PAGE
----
Effect of exercise on metabolic syndrome in black women by family history and predicted risk of breast cancer: The FIERCE Study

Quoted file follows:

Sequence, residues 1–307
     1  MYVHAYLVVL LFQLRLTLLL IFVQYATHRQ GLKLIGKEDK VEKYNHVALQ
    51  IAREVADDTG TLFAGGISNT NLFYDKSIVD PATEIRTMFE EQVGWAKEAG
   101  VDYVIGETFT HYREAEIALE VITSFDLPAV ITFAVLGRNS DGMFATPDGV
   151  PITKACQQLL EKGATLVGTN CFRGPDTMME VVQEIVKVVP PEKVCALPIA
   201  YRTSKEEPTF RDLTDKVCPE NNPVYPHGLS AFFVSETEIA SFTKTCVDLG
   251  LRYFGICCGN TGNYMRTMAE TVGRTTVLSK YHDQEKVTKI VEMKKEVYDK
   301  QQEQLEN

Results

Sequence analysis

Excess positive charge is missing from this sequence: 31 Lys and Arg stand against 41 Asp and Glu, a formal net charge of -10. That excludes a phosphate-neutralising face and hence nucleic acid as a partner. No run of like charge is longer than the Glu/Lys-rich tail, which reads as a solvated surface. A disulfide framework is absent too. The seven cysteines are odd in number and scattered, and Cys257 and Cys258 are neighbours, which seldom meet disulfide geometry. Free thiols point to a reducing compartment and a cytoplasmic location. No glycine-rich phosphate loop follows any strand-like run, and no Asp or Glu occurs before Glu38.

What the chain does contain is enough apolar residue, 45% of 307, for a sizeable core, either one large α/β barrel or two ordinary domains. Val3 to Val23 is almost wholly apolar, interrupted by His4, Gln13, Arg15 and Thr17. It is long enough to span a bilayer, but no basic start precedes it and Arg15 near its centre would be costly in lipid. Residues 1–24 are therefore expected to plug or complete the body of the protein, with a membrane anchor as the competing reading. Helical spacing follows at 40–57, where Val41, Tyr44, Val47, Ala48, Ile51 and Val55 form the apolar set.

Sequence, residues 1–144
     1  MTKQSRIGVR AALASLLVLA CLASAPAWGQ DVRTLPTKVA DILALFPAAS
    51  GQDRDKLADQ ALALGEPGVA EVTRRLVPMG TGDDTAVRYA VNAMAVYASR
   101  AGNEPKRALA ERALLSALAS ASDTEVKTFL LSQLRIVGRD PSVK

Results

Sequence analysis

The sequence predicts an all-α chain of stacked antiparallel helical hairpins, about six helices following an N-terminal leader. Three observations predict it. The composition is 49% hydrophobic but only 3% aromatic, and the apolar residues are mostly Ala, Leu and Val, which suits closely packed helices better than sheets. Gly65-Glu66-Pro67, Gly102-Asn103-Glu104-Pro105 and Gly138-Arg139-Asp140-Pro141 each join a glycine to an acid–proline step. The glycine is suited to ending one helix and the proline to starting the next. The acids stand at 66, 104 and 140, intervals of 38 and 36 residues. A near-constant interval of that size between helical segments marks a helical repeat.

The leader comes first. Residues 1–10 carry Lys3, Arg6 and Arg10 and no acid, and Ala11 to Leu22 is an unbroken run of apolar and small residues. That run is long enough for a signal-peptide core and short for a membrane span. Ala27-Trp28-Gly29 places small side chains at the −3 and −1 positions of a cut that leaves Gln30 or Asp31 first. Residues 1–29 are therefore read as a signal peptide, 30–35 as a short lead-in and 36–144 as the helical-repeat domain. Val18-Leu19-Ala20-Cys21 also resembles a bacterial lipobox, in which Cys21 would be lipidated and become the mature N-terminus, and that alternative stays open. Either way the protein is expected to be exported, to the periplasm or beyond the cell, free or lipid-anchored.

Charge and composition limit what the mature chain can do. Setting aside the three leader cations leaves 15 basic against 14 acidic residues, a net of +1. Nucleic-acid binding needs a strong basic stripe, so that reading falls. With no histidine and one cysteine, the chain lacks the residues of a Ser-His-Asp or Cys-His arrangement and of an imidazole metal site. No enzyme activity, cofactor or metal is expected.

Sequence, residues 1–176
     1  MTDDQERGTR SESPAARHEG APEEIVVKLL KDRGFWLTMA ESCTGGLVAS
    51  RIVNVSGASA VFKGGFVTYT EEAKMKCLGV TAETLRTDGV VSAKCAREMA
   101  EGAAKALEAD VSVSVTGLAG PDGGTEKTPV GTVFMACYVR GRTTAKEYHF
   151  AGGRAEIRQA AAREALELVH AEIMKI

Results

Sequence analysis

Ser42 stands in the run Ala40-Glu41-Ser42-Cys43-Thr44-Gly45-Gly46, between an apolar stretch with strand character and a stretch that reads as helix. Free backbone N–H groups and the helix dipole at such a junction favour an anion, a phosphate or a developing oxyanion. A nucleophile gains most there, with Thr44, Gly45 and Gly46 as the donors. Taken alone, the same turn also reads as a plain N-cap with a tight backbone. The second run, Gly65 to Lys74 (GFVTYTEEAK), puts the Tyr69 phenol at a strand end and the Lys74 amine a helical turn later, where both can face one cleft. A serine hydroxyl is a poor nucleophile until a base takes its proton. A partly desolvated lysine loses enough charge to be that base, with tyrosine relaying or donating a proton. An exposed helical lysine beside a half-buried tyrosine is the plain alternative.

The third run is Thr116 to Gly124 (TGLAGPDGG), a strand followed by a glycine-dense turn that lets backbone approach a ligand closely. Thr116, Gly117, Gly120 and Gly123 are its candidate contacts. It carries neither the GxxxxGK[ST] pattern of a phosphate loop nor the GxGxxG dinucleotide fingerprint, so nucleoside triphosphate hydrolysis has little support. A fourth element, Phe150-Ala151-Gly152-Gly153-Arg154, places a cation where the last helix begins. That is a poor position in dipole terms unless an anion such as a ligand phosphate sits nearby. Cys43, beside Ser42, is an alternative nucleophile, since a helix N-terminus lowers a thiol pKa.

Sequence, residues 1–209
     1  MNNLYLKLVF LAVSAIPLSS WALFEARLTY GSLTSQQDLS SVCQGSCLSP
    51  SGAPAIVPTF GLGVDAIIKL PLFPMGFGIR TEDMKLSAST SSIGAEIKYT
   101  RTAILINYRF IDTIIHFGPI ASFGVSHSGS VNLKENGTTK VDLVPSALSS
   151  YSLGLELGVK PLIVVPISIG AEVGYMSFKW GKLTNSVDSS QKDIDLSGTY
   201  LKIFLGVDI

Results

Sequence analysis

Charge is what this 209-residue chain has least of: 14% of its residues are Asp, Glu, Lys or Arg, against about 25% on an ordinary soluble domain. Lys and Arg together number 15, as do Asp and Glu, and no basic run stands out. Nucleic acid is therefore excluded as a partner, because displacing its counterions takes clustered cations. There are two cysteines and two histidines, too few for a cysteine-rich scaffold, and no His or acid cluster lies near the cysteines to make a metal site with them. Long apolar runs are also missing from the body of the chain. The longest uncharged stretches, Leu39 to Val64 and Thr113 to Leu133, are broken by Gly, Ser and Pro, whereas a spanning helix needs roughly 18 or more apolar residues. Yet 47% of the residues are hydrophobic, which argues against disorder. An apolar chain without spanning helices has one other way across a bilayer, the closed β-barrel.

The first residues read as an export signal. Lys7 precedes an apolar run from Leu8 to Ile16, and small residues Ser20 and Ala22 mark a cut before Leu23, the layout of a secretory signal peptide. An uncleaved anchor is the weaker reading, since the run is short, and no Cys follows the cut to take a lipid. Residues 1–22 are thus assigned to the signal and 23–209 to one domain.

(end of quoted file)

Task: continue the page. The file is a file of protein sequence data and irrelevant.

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Background: This study examined the effects of supervised and home-based exercise interventions on changes in metabolic syndrome (MetS) according to breast cancer risk (high vs low) in black women enrolled in the Focused Intervention on Exercise to Reduce Cancer (FIERCE) trial. Methods: Postmenopausal, obese, metabolically unhealthy black women, 45 to 65 years old, were randomized to supervised aerobic exercise (73 women), home-based walking-based exercise (69 women), or a control arm (71 women). Participants in the exercise arms underwent a 6-month intervention with study assessments conducted at the baseline and 6 months. The primary outcome measure was MetS (fasting glucose, waist circumference, blood pressure, serum triglycerides, and high-density lipoprotein [HDL]). The intervention effects on MetS, stratified by breast cancer risk as measured by the family history of breast cancer and model-based projected breast cancer risk, were examined with intent-to-treat analyses using generalized estimating equation models. Results: Among women with a family history of breast cancer, the exercise arms had lower mean MetS z scores, which suggested an improvement in the metabolic profile, than controls at 6 months (controls, + 0.55; home-based arm, –0.97, P <.01; supervised arm, –0.89, P <.01). Stratified analyses by projected breast cancer risk suggested similar but statistically nonsignificant findings, with those at high risk having more favorable changes in the MetS z score in the exercise arms versus the control arm. These changes were primarily attributable to changes in blood pressure, triglycerides, and HDL. Conclusions: Short-term aerobic activity regimens may improve the metabolic profile and thereby reduce breast cancer risk in obese, metabolically unhealthy black women at high risk for cancer. © 2018 American Cancer Society.

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